The future of the state of Wisconsin was on display at the UW-Madison PEOPLE Program’s 12th annual Recognition Banquet at the Madison Marriott West Aug. 3. The future looks very promising.
The annual recognition banquet was held for the 141 high school seniors in one of the most successful long-term diversity pipelines to higher education in the nation. The program showcased the talents, accomplishments, and educational dreams of the students who have just completed their final summer of year-round training for college — including ACT testing and six weeks living in University Housing.
“Our program started in 1999 with 66 high school students in Milwaukee,” PEOPLE Program Executive Director Jacqueline DeWalt told the crowd. “Since then, we have served over 1,300 students every year. The outcomes are among the highest in the state of Wisconsin and, indeed, the nation. We have a 100 percent high school graduation rate where we have graduated ovefr 1,200 students. Ninety-six percent of our students enroll in higher education.”
At the event, there were numerous performances by the students including beautiful piano by pianists Yiangtxias Thao of Madison La Follette High School and Tashi Atruktsang of Madison West High School. There was a Native American Cultural Dance by Cody Carley of Hayward High and Florence Powless of Ashland High. John Gamble of Walden III High School in Racine performed “Suite No. 1 Prelude in G Major” by Johann Sebastian Bach on the cello.
“This is an incredible celebration of who we are and where we are trying to go,” said Damon Williams, UW-Madison vice provost and chief diversity officer, who heads the division that houses the PEOPLE program. “There is not one institute in the nation who are doing things in terms of access, student success, and achievement that are more dynamic, more innovative, and more broad, and more connected in partnership than what we are celebrating here today.”
Student Reflections were given by Clar Huerta of Waukesha North High School, Kelly Holmes of Bayfield High School, David Pontes of Madison West, and Lamesha Washington and Jacqueline Ferrer of Milwaukee Ronald Reagan High School.
Vince Sweeney, vice chancellor for University Relations of the UW-Madison, spoke on behalf of UW-Madison Chancellor David Ward.
“In my opinion, the University of Wisconsin-Madison is a better institution offering a better education because of the accomplishments of the PEOPLE program,” Sweeney said. “In my opinion, those students who went through the PEOPLE program and subsequently attended the UW-Madison have a significantly better and more enriching educational experience at UW-Madison because of the PEOPLE program.”
PEOPLE students who complete high school and successfully gain admission to UW-Madison are bridged into the university through a pre-freshman-year summer program designed to earn initial college credits and further accelerate their college success. Students who enroll at UW-Madison receive a four-year tuition scholarship along with college advising and leadership support through completion of their undergraduate degree, including going on to graduate school or entry into the workforce.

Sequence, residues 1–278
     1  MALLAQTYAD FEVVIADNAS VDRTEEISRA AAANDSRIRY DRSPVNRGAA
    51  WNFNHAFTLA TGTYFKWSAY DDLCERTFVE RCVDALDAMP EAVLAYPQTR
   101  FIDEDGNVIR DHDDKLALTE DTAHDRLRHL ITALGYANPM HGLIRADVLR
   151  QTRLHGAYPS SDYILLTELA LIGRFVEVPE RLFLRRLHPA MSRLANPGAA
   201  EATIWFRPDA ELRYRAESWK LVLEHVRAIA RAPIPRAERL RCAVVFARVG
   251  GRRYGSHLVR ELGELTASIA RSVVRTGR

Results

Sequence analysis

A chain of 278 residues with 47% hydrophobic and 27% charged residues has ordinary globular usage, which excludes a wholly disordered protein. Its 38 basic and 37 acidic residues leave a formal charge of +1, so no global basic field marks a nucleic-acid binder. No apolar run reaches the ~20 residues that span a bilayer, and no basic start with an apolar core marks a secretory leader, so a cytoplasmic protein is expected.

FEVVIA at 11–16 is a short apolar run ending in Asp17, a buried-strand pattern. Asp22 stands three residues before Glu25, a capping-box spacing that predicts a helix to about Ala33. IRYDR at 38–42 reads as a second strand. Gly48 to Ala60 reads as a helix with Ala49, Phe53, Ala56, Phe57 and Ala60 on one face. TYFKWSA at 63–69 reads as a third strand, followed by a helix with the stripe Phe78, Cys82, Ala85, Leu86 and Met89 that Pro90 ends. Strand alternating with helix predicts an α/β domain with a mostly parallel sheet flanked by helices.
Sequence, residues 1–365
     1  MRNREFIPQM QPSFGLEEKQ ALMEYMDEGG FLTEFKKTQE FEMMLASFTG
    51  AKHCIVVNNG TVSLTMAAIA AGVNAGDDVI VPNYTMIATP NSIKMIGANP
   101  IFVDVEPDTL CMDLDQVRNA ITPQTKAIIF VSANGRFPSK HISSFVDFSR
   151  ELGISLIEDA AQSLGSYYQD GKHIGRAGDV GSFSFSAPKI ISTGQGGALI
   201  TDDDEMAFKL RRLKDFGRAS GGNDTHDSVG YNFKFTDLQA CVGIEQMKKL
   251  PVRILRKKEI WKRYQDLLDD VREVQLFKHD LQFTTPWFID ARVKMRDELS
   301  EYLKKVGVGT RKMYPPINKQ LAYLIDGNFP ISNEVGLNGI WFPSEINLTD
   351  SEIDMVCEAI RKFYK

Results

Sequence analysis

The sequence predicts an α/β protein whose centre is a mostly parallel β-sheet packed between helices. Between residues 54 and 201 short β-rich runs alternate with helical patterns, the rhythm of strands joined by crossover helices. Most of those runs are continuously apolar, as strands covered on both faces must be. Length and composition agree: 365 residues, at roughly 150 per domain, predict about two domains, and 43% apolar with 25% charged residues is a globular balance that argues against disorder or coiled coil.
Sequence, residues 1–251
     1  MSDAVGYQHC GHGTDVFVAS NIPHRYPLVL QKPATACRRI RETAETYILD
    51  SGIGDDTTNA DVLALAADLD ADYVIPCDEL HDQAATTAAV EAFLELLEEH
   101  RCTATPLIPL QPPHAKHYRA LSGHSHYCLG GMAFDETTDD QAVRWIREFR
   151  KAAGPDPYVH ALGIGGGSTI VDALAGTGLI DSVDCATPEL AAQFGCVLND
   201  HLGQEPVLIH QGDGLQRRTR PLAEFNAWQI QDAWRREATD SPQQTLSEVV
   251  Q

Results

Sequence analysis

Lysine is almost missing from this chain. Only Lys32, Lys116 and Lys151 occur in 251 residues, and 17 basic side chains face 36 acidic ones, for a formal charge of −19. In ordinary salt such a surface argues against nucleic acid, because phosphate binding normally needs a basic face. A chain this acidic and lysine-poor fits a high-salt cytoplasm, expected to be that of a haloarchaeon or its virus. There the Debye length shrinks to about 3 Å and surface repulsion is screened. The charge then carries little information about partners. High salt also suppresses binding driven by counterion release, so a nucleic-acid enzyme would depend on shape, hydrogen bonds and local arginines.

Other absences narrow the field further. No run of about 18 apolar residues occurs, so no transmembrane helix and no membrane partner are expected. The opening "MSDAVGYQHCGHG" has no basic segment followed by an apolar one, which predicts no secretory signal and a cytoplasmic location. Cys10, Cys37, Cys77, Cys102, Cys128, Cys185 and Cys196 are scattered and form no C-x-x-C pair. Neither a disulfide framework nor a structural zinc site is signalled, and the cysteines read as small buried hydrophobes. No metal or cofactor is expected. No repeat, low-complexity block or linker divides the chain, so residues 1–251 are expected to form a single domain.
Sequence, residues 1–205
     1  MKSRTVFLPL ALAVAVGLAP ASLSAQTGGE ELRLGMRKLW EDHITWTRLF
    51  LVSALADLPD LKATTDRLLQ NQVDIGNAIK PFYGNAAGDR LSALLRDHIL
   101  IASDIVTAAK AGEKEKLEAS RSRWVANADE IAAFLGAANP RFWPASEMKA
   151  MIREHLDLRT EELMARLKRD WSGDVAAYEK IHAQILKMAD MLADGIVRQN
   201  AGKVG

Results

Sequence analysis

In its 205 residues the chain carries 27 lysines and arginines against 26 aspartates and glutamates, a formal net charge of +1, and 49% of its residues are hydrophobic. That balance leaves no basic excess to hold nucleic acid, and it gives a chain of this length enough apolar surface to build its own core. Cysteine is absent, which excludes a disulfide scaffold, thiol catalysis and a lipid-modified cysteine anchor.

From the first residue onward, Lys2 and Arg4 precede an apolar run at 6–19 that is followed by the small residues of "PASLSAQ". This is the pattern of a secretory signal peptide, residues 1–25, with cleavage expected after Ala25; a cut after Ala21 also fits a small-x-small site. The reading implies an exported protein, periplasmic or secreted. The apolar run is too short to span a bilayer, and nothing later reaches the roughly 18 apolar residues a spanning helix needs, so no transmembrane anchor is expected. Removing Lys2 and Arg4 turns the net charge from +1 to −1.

The keynote speaker of the banquet was Amy Kerwin, chief educational opportunities officer for Great Lakes Higher Education Corporation. She said that Great Lakes has been part of the higher education landscape since the 1960s.
“Our job is to help people to overcome barriers that prevent them from obtaining an education beyond high school,” Kerwin says. “An obvious barrier is the inability to pay for college. To address this barrier, Great Lakes works with both the federal government and individual colleges to get financial aid — both in the terms of grants and student loans — into the hands of students and families who need it to help them pay for college.”
Student loan debt is currently at an all-time high, Kerwin continued. The average student loan debt in 2011 was $27,000. “For far too many students, financial aid is not a barrier to college, because for these students, college is not even an option,” Kerwin said. “It’s just not part of their plan. Equally troubling, however, are those students who take the steps to get to college but arrive on campus not prepared to succeed whether it be academically or socially.
“We [at Great Lakes] believe that higher education can change lives for the better,” she added, “so we work to increase access and success for students of all backgrounds. To this end, over the last 40 years Great Lakes has provided more than $70 million in funding in support of college access and success programs.”
Earlier this spring, PEOPLE was awarded a $300,000 grant to increase the scope of academic preparedness for disadvantaged students seeking post-secondary education. Great Lakes Higher Education Guaranty Corporation announced its 2012 Wisconsin Educational Growth Grant recipients following a competitive application process. In addition to the high school-focused grant, PEOPLE also has a partnership with Great Lakes to replicate the success of its elementary program, PEOPLE Prep, at other institutions of higher education across the state.
“We were very impressed with how quickly they forged such strong relationships with two community learning centers — the center at Northport and Packers — in a relatively short time,” she said. “Great Lakes is thrilled to have been able to assist in bringing the successful program to two additional community centers in Wisconsin and to help more students learn about the option of going to college. The reality, however, is that Great Lakes played a very small role in this process. We provide the funding. [People Executive Director] Jackie DeWalt and her team provide the best practices and the passion that made it possible.”